Saturday, May 12, 2007

The Whimbrel Watch, May11, 2007

As the old song goes “Standing on the corner watching all the …..” That is what happens for Whimbrels at Gould inlet from the middle of April into May. Before I write about this wonderful show of Whimbrels let me get you oriented. Gould’s Inlet is on St. Simons Island. It is created by Postel and Rainbow creeks coming together and pouring into the Atlantic Ocean these two creekd are what separate Sea Island from St. Simons Island. The fact that these creeks are tidal and wash over drifting sand flats is the reason the gulls, terns, shorebirds and other water birds gather here.

A while back Brad Winn discovered that in the spring Whimbrels gather here in the evening in good numbers. These Whimbrels seem to use this area like a gathering point something like a bus stop. In the evening they would fly in to preen rest. They waited to almost too dark to see them then they would all leave at once. Brad thought they were flying off to roost on sand bars and small treeless island in the mouth of the Altamaha River. The Altamaha River spreads out into a delta area just north of St. Simons, Sea, and Little St. Simons Island. It is a rich diverse area. It is an area you can only see by boat. Egg Island Bar is one of four bird islands just set aside for birds to rest and nest. These sand bars and island are treeless too far out for the relentless predator, the Great Horned Owl.

The really neat aspect of Gould’s Inlet is you can drive right up for there is a small parking area. There are benches to sit on in other words it is very easy for any one to and watch this show. So I suggested as a Coastal Georgia Field trip. We meet here at 7:30 p.m. I was there at 7:20 and people were already there. It is a dream come true when I can drive up to an area and see birders. Scopes and binoculars at the ready folks are looking through them and chatting about the glories of past birding days or the next trip they are planning. Years before when I spent a little over a year just traveling to see birds there would be times when I would see no birders. Then I would turn into some famous birding spot and there the birders would be all line up scopes point in one direction. Birders were whispering, pointing and smiling as the special bird someone had spotted. So here I was getting out of my van and seeing quite a few birders. Man it just did my heart good. Grabbing an arm load of books I walked over to the group. It is important to me that everyone is included from beginners to experts, so I always try to bring bird books to share.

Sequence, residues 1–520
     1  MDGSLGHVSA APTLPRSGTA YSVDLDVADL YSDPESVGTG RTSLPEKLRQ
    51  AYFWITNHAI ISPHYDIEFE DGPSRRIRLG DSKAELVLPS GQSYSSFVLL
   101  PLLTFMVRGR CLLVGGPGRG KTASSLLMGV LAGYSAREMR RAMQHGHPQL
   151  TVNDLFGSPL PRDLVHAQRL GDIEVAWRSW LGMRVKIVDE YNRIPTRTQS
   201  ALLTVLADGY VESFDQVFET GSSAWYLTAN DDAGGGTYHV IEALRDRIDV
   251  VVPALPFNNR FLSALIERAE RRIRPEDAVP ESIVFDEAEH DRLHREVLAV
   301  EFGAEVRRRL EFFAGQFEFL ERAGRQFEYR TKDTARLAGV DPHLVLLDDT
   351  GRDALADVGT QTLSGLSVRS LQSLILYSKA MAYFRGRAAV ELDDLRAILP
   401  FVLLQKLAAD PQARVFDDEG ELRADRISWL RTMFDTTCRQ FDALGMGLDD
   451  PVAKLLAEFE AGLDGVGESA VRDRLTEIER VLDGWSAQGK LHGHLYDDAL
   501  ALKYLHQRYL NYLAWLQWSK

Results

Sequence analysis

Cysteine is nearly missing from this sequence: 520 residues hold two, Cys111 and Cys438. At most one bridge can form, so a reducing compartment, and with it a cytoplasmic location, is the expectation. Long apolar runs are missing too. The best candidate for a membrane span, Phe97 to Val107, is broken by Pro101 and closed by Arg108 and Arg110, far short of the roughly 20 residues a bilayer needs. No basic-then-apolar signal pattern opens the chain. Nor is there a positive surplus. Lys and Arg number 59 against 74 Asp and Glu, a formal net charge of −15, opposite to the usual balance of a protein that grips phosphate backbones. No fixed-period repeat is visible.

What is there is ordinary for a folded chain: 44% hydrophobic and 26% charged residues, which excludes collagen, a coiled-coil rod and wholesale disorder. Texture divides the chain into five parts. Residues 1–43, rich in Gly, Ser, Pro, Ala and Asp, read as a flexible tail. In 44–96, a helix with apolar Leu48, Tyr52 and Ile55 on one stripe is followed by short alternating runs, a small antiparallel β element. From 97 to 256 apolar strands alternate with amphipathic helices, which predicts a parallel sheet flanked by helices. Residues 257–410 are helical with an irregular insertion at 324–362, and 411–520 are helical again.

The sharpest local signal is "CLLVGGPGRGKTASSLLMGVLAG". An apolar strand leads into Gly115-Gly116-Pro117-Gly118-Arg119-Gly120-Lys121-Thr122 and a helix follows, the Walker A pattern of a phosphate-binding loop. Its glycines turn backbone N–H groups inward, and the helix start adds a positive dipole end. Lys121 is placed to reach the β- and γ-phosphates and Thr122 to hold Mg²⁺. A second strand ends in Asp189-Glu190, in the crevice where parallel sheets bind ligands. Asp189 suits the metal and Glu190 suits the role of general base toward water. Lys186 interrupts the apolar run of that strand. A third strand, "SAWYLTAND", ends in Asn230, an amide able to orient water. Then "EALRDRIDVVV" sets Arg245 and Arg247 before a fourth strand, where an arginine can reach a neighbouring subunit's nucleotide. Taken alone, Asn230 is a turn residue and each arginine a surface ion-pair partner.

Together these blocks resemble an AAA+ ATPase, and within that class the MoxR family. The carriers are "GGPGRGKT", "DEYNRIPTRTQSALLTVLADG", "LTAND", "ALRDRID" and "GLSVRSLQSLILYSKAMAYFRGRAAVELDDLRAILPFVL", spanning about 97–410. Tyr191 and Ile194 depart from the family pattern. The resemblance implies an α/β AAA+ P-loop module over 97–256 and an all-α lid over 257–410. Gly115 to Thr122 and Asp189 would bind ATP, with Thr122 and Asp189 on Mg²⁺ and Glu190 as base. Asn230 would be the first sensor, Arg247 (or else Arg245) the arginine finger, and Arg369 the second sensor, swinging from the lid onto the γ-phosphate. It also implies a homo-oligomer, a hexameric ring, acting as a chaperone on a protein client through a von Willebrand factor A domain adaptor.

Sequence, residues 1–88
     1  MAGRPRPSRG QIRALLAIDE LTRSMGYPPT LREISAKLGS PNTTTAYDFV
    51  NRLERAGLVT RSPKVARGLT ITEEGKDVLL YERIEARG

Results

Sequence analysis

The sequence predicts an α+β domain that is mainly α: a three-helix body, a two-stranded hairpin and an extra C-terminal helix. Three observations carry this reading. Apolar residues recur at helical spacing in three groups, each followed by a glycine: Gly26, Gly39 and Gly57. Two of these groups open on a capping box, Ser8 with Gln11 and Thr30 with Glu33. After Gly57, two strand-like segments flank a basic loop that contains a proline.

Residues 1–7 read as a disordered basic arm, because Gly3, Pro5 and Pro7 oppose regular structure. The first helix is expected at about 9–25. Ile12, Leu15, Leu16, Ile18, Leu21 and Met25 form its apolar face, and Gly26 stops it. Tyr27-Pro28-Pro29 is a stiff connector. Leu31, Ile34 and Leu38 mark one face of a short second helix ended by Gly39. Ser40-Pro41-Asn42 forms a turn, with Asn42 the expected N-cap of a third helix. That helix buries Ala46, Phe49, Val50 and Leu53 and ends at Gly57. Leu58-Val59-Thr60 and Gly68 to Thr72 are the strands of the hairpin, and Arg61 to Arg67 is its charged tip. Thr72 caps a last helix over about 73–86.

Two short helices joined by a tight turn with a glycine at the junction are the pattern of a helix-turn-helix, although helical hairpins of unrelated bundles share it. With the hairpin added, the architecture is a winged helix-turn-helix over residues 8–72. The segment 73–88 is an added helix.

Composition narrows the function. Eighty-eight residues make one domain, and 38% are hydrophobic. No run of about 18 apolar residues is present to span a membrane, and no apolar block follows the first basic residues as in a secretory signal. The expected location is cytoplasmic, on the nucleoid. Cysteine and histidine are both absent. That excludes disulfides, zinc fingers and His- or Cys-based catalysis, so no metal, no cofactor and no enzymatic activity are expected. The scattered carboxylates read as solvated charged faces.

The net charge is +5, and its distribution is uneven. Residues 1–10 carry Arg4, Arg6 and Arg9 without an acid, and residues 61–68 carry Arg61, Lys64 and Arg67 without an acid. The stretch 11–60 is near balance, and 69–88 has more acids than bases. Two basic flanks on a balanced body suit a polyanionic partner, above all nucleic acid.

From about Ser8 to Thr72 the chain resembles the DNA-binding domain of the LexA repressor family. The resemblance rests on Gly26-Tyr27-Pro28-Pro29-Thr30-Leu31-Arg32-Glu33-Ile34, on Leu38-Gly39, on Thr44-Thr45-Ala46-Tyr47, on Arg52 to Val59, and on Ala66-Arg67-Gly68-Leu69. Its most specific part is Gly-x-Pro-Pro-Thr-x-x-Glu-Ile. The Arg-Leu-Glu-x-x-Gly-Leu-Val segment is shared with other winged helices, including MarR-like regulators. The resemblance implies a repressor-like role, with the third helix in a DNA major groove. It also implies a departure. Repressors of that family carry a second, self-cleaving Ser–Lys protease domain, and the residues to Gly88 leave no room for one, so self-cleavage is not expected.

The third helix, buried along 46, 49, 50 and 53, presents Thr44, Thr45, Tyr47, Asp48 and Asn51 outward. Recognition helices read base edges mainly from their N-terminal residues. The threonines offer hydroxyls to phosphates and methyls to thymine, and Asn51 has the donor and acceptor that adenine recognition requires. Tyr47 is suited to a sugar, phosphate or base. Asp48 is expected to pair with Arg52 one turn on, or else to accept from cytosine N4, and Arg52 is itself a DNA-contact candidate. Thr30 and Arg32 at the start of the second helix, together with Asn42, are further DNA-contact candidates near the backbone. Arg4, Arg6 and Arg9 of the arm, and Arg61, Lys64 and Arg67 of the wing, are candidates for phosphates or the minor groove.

Looking over to the expose sand bar, there weren’t any Whimbrels yet. The group was enjoying watching the Red Knot in their summer finery. There were Semipalmated Plover, Sanderlings, Willets, and Rudy Turnstones to look at as well. I point to the sand bar and the group looked over there and because there were no Whimbrels there yet they went back to the terns, skimmers and other water birds. A few minutes later the Whimbrels started quietly gather. The group was amazed at how quickly these fairly large shorebirds just came in. In the end we had about one hundred or so Whimbrels on the sand bar. As the light was fading around 8:30 pm the Whimbrels all opened their wings and flew off. It appeared choreographed. They flew in a line across the tip on Sea Island before gaining height. As they gained altitude they bank left and disappeared into darkness.
With Georgia’s Wildlife on my mind, Happy International Migratory Bird Day!

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